Christina Aguilera – [Album]

Friday, 04 June 2010

Sometimes album art can be remarkably of what a pop star has in store for fans, whether they know what to make of it right away or not. Christina Aguilera's new album is a perfect example of that; at first glance, the tidy but mildly unsettling image of a Christina cyborg looks like something that could have graced the cover of a hair metal band's album in the Eighties or Nineties (it reminded me a bit of the album covers that Iron Maiden put on X Factor and Somewhere In Time) so the first assumption that a fan could make would be that {BIONIC} is the album that marks the return of Aguilera's “XTINA” persona from the time she spent getting “Dirrty” in 2002.

That XTINA is making a comeback on {BIONIC} is a reasonable enough (and correct) assumption for fans to make before fans even hear the record, but that's only half of it though.

As it turns out, the abstract/technological image on the album's cover also has a very literal bent in addition to the obvious figurative one. From the opening zap of the title track, there's no mistaking what the album's cover is meant to imply, at least in part: {BIONIC} marks the turn of XTINA Aguilera as a dance floor-ready, electroclash-informed pop act. What fans think of that will entirely depend on what they liked about the singer's music in the first place because a few of the technological accoutrements sit at perfect odds with what fans likely assumed were the singer's ground-level sensibilities.

Is that too vague? Look at it this way: theoretically, what has made electro-pop acts like MIA and Lady Gaga work is the fact that those artists are willing to work with and weave around a beat. That means they recognize that they're constrained by said beat; they don't try to overpower it because, to be honest, they know they don't have the pipes do put that off anyway. Christina Aguilera, on the other hand, is a soul singer at heart. She can sing, and likes to prove it; she likes to be the body that her music forms around – not vice versa – so “Bionic” seems to start the album off on an awkward note. The far too technologically reliant treatment of the song doesn't give the singer any room to open up her voice at all, and so producers John Hill and Switch is to cut, paste and edit Aguilera's vocals, thereby making them fit tight to the beat and removing the singer's personality from the song completely. In that opening track, the singer's voice gets used simply as another device – a tool to convey the idea of a singer – and so robs the song of any potency and deletes any impact the ominous spelling out of “XTINA” at the end of the song ay have carried. In effect, if the title track is meant to imply that XTINA is back, the most she's doing is returning on life support.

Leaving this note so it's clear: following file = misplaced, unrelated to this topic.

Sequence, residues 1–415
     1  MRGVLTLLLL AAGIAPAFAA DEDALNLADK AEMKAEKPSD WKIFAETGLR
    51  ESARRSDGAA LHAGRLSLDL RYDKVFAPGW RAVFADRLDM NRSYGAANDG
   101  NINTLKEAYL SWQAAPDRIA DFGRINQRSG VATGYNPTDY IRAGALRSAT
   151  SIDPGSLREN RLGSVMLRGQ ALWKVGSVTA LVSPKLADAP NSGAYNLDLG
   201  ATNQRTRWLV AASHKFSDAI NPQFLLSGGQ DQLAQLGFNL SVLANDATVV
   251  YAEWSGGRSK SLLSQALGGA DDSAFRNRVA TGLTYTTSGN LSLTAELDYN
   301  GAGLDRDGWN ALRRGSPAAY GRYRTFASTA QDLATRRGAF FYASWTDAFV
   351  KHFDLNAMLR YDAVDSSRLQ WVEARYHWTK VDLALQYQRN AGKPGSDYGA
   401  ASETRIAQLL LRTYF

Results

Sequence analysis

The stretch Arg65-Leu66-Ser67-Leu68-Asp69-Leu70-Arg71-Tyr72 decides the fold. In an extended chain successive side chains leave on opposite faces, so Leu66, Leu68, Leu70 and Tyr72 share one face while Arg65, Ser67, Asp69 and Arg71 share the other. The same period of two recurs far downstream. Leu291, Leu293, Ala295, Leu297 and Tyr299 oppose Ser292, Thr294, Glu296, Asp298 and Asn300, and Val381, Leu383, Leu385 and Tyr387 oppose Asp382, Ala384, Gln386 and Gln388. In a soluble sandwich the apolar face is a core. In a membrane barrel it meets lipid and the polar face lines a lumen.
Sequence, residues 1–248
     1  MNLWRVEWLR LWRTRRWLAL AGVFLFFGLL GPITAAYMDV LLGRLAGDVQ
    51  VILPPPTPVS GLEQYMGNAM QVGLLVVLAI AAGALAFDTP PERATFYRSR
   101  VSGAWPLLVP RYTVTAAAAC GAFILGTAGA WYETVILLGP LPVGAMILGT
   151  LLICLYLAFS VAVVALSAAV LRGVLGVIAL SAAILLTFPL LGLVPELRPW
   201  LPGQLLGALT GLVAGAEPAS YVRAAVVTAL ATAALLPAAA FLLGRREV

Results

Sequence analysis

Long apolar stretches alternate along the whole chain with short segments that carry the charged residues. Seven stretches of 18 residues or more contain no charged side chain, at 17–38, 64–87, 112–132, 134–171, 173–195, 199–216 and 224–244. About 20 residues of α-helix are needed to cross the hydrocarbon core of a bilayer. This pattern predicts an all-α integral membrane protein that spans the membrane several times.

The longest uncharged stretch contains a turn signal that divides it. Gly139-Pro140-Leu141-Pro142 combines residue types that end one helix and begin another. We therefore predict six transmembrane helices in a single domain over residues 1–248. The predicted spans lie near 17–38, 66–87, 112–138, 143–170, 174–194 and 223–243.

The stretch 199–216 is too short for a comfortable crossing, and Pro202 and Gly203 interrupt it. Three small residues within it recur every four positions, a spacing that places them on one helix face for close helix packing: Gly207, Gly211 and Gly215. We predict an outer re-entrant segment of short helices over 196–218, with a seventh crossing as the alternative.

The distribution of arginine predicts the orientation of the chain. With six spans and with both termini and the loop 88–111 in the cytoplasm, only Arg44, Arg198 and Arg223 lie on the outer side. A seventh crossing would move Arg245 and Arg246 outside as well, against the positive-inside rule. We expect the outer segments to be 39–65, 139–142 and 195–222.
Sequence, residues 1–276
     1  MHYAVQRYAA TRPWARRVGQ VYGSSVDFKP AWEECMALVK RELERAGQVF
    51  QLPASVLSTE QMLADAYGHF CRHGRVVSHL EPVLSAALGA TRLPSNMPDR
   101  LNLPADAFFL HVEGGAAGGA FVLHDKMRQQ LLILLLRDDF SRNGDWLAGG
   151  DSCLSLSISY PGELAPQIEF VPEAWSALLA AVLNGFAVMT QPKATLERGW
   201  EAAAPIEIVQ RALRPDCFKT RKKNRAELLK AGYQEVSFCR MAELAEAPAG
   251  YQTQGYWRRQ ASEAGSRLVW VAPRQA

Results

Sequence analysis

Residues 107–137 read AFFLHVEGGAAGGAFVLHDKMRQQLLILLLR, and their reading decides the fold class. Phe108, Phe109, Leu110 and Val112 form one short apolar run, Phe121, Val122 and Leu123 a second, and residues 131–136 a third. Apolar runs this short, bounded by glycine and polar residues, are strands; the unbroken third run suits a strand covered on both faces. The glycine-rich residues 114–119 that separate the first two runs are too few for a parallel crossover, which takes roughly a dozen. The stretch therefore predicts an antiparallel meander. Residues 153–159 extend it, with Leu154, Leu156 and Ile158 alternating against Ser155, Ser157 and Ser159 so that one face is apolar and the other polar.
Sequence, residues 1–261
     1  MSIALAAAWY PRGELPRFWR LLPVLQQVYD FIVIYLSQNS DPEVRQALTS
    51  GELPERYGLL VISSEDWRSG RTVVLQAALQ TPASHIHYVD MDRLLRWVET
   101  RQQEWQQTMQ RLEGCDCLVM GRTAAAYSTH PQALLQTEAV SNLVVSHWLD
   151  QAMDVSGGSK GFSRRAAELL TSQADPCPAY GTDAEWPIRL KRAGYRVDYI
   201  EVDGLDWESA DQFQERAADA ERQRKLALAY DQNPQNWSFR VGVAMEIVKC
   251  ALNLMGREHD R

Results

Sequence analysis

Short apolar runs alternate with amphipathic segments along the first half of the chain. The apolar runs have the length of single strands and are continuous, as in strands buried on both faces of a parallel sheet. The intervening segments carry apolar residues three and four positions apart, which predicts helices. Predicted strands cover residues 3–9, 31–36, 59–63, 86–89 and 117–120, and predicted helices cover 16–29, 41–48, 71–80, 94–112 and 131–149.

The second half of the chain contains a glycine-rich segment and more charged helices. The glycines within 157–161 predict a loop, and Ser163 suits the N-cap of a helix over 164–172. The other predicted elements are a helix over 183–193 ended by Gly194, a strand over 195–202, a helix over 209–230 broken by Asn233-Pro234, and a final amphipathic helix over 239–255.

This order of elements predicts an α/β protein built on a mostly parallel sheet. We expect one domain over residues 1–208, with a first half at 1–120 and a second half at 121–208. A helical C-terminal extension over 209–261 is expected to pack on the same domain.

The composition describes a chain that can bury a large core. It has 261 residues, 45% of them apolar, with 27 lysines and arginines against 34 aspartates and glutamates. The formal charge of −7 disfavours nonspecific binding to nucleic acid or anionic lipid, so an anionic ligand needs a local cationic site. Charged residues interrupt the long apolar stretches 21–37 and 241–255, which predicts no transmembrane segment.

After that rather tepid introduction, at least things do begin to pick up with “Not Myself Tonight” but, again, not in any way that fans would assume. Happily, the electronics do part a bit to give Aguilera some room in her own mixes, but the singer is still a bit out of sorts as she concedes that she's playing a bit out of character (check the line, “I'm doing things that I normally don't do/the old me's gone, I feel brand new/and if you don't like it, fuck you”), but she's also throwing a bit of weight around that bounces off the electronic mixes. Aguilera tries to strike a balance between MIA's “galang” and her own pop-soul “glam” that ends up driving the rest of the record, but listeners will be left wondering where it's supposed to be going. Like Madonna did on Confessions From A Dancefloor, what listeners get on {BIONIC} is a slightly more mature affair that reflects the age of the singer but, while songs including “Sex For Breakfast,” “My Heart,” “Prima Donna” and “Glam” all go to great pains to point that out, they don't do much else and they do it so abrasively that it will put Aguilera's core audience (and their parents) off.

Looking at it from that standpoint, {BIONIC} is an interesting turn for Christina Aguilera, but the verdict is still out on how effective it will be; on one hand it'll scare the hell out of parents and will likely get some play on dancefloors, but it also pushes the boundaries of pop to see whether or not audiences are ready for Christina Aguilera to grow up and therein lies a Catch 22 that will either sustain or break her career; with this move made, how bad a hit will she take? To play devil's advocate, there's no arguing that Aguilera couldn't stay a kid forever, but {BIONIC} plays a bit like an earnest or forced evolution that deliberately overshoots its' mark to make a point; Christina Aguilera proves on this album that she actively does not want to be a kid anymore so, while she posed as “dirrty” years ago, this time out she actually IS dirty.



comes out on June 8, 2010 through RCA/Sony Music. Pre-order it here on Amazon .

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